Weapons of Happiness
Weapons of Happiness is a 1976 political play by Howard Brenton about a strike in a London crisp factory. The play makes use of a dramatic conceit whereby the Czech communist cabinet minister Josef Frank is imagined alive in the 1970s (in real-life he was hanged in 1952), and his hallucinations of life in Stalinist Czechoslovakia interweave with the main plot.
In an introduction to the play, Brenton wrote that he was "trying to write a kind of Jacobean play for our time, a 'British epic theatre'. Making only limited use of naturalism, the play features several long speeches; in the same introduction Brenton quotes Julie Covington, who appeared in the original production, as describing acting in it as being "like opening a furnace door - your time comes, you open the door and blaze, then shut it".
The play was commissioned by the National Theatre as part of a policy of staging new plays by leading authors in the company's new South Bank home. At the time Brenton was a Marxist and seen as something of a polemicist, however in an interview with Theatre Quarterly from around the time the play was being written, he expressed dissatisfaction with fringe theatre - the context in which his plays had previously been seen - and a desire to reach the bigger audiences subsidised theatre companies would provide. Further, Brenton would disclaim to be a moralist in the play's programme.
Weapons of Happiness became the first commissioned play to be performed at the reopened National Theatre when it premièred on the Lyttelton stage on 14 July 1976. The cast included Geoffrey Bateman as Joseph Stalin, Nick Brimble, Julie Covington, Frank Finlay as Josef Frank, Bernard Gallagher, Michael Medwin, William Russell and Derek Thompson. It was designed by Hayden Griffin and directed by David Hare, a collaborator of Brenton's from Portable Theatre Company and co-writer with him of Brassneck and Pravda, itself staged at the National. Given the subject of the play it is ironic that its first production took place against the backdrop of the National Theatre itself was undergoing a good deal of difficulties with trade unions.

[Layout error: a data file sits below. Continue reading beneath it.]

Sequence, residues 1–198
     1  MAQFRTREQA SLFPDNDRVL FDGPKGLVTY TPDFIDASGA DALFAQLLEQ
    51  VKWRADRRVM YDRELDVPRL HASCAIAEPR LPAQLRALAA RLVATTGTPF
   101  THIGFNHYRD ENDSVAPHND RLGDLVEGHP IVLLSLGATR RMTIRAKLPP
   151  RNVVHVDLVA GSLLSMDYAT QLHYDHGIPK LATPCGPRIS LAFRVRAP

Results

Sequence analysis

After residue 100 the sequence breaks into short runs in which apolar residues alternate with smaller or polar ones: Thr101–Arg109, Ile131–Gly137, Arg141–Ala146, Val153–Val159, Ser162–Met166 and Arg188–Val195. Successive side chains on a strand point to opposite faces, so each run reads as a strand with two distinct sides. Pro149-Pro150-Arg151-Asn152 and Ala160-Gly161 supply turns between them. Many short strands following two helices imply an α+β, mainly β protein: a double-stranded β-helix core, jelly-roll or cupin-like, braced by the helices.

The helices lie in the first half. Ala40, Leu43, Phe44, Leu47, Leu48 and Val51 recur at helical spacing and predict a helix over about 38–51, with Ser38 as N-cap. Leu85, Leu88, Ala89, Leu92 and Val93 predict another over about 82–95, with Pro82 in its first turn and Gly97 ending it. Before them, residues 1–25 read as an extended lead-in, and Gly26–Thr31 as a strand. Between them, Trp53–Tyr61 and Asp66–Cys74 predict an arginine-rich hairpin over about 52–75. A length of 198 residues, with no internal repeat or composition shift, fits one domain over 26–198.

While the play drew in a younger, more radical audience to the National Theatre, Peter Hall the artistic director of the theatre noted in his diary that the stage crew (many of whom were political) did not care for it, and that he was disappointed by the newspaper reviews. However, Michael Coveney was enthusiastic, describing in The Financial Times, "highly charged scenes that speak directly about the quality of life in England today" and the production ran for 41 performances went on to win the Evening Standard Award for Best Play.
The play was sufficiently successful that after it opened Peter Hall asked Brenton for another, which would be the controversial The Romans in Britain.
- Brenton: Plays One, Methuen 1986 ISBN 0-413-40430-7
- Peter Hall's Diaries edited by John Goodwin, Hamish Hamilton, 1983 p. 168 ISBN 0-241-11285-0
- Power Play: the life and time of Peter Hall by Stephen Fay, Hodder and Stoughton 1995 P.278 ISBN 978-0-340-50844-2
- Peter Hall's Diaries edited by John Goodwin, Hamish Hamilton, 1983 p. 170 ISBN 0-241-11285-0
- "National Theatre" Retrieved on 6 October 2009
- Cf. Peter Hall's Diaries
- Peter Hall's Diaries edited by John Goodwin, Hamish Hamilton, 1983 pp. 242-3 ISBN 0-241-11285-0
- "The British Theatre Guide" Retrieved on 6 October 2009
- "The Guardian" Retrieved on 6 October 2009
- "The Independent Retrieved on 6 October 2009
- "The London Evening Standard" Retrieved on 6 October 2009
- "The Times" Retrieved on 6 October 2009